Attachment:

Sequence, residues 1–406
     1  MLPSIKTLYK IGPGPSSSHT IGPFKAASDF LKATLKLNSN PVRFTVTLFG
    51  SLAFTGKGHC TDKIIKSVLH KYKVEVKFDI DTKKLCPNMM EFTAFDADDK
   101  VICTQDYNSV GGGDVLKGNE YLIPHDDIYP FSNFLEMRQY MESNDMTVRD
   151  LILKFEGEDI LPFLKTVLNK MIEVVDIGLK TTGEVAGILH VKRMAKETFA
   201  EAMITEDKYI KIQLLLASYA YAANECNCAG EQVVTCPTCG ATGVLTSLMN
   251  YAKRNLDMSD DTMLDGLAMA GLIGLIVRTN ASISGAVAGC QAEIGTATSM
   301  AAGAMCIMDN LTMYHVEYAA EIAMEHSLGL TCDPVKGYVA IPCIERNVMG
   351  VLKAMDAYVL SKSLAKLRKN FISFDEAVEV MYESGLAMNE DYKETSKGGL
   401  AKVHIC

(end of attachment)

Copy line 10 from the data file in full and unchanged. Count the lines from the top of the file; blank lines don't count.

   401  AKVHIC